As the use of MitraClip™ for transcatheter edge-to-edge repair (TEER) of the mitral valve expands, the demand for data comparing this percutaneous procedure to surgical mitral valve repair is growing in tandem. In response, the National Institutes of Health (NIH) is funding the multicenter PRIMARY trial (NCT05051033) to generate such data and offer better guidance for patients.
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The prospective, open-label, randomized study is comparing TEER with surgical repair in 450 patients aged 65 or older with primary degenerative mitral regurgitation (MR) and no other requirements for cardiac surgery. The study launched in January 2022 and will enroll patients at 20 or more centers in the U.S., Canada, Germany and the United Kingdom — including Cleveland Clinic.
“There is growing interest in the use of MitraClip in patients with degenerative MR (MR caused by prolapse), but we don’t yet have an evidence base to tell us in which patients MitraClip is a good option,” says cardiothoracic surgeon Marc Gillinov, MD, who is a leader of the trial at Cleveland Clinic and Chair of the NIH-funded Cardiothoracic Surgical Trials Network, which runs the trial. He notes that the issue is especially pressing in some European countries, such as Germany, where MitraClip is now being used more often than surgery for mitral valve repair.
“We generally hypothesize that surgery — even robotically assisted surgery — will create a more complete repair, but it’s also more invasive,” says Dr. Gillinov, Chair of Thoracic and Cardiovascular Surgery at Cleveland Clinic. “The PRIMARY trial should help indicate which therapy is better in which patients. As a government-funded study, it is designed to answer that patient-centered clinical question.”
Enrollees in PRIMARY must have severe primary degenerative MR and be appropriate candidates for either surgical or percutaneous mitral valve repair. Because enrollees may be at any level of surgical risk (low, intermediate or high) and MitraClip is authorized for U.S. commercial use only in patients at prohibitive surgical risk, the trial is being conducted under an Investigational Device Exemption. MitraClip is the only TEER device currently approved for commercial use in the U.S.
The study’s primary endpoint is a composite of all-cause mortality, valve reintervention, hospitalization for heart failure, or onset of ≥ 3+ MR by transthoracic echo at three years after randomization. Secondary outcomes include quality-of-life measures as well as adequacy of MR correction, defined as < 2+ MR, at one year after randomization. Outcomes will be measured over five years, and all patients will be followed for up to 10 years for certain endpoints. Primary study completion is projected for January 2028.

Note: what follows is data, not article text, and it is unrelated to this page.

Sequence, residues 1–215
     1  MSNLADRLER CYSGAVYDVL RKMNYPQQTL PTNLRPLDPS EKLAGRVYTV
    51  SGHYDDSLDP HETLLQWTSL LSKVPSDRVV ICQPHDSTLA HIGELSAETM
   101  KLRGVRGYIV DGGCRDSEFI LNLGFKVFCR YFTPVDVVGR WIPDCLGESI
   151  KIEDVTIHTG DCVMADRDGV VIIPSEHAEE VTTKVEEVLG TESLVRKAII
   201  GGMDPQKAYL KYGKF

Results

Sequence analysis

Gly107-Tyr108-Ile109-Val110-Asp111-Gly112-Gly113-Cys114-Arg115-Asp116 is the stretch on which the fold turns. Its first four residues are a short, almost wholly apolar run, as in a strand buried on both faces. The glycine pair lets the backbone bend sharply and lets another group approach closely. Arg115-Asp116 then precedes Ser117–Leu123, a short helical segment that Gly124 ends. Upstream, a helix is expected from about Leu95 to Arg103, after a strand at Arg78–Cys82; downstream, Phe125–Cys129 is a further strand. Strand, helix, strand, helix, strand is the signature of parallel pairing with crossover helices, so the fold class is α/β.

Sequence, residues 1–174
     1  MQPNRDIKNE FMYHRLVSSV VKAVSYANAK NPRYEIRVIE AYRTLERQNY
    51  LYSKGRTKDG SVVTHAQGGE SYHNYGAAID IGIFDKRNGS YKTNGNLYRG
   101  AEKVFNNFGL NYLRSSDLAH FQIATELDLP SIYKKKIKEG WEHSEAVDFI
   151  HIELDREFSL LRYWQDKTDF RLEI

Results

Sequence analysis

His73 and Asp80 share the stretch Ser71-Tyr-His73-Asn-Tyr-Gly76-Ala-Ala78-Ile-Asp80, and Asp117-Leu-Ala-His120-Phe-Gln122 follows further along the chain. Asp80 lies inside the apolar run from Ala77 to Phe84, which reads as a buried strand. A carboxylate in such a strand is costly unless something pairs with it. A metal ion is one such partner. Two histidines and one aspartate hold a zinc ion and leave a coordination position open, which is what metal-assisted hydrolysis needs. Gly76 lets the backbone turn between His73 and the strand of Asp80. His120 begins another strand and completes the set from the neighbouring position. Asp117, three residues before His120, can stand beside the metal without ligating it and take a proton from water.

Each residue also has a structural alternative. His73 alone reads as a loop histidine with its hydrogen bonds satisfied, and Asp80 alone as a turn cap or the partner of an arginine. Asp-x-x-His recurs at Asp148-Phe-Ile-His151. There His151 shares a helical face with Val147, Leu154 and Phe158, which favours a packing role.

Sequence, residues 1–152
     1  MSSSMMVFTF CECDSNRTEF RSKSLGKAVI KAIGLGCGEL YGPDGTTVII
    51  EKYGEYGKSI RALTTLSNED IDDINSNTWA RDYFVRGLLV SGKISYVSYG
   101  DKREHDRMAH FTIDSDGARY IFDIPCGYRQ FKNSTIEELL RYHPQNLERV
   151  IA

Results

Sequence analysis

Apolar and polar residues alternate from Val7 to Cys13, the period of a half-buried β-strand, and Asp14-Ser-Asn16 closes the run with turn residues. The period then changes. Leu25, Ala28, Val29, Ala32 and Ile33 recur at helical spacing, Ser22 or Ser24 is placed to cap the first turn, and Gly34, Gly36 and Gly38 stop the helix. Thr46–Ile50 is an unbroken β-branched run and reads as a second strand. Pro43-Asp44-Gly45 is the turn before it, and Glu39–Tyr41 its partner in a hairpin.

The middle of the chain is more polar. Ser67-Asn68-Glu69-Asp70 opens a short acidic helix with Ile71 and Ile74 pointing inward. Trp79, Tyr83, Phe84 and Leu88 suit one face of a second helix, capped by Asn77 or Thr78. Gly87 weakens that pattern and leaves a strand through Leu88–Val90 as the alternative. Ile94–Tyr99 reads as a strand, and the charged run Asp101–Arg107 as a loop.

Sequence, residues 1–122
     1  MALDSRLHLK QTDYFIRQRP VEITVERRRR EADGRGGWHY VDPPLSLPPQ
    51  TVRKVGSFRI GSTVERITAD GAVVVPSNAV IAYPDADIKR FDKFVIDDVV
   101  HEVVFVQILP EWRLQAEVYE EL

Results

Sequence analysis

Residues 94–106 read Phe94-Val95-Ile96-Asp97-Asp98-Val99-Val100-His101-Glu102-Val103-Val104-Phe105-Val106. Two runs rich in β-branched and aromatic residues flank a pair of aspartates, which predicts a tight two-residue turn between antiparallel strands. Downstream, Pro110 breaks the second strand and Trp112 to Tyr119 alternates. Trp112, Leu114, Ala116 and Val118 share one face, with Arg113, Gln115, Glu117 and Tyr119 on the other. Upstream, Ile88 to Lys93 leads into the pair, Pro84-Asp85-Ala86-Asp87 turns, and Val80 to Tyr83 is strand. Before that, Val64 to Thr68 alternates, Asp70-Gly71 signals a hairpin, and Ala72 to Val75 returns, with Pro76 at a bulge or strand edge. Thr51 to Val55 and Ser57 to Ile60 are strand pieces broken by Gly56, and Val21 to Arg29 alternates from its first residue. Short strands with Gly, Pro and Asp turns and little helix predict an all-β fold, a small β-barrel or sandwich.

The PRIMARY trial is notable in several ways, according to Samir Kapadia, MD, Chair of Cardiovascular Medicine at Cleveland Clinic, who is leading the study at Cleveland Clinic along with Dr. Gillinov. One distinction is its use of the adequacy of MR correction as a secondary endpoint, which Dr. Kapadia says is novel for a large trial of this type.
Other distinctions are the inclusion of patients at all levels of surgical risk, which could support broadening the applicability of MitraClip, and the study’s use of a superiority design to detect a difference between treatments rather than to establish noninferiority.
“To date, most trials comparing surgery with minimally invasive therapies have used a noninferiority design,” Dr. Kapadia explains. “To show that patients should undergo surgery rather than a percutaneous procedure, you have to design a study to show that surgery is actually superior. This aspect of PRIMARY’s design is notable.”
The superiority design is in fact a key distinction between PRIMARY and another ongoing randomized trial comparing MitraClip with surgical mitral valve repair — the MitraClip REPAIR MR Study (NCT04198870) sponsored by Abbott Medical Devices, which is using a noninferiority design. REPAIR MR also is limited to patients at intermediate surgical risk, whereas PRIMARY includes patients at all surgical risk levels.
While Cleveland Clinic is not participating in the REPAIR MR study, Drs. Kapadia and Gillinov say it will be a helpful complement to the PRIMARY trial.
“The two trials are asking slightly different questions, but each should be valuable,” says Dr. Kapadia.
“It’s always best to have more than one trial and more than one set of investigators,” adds Dr. Gillinov. “If you have two trials that confirm one another, you can feel much more confident that their results weren’t caused by chance.”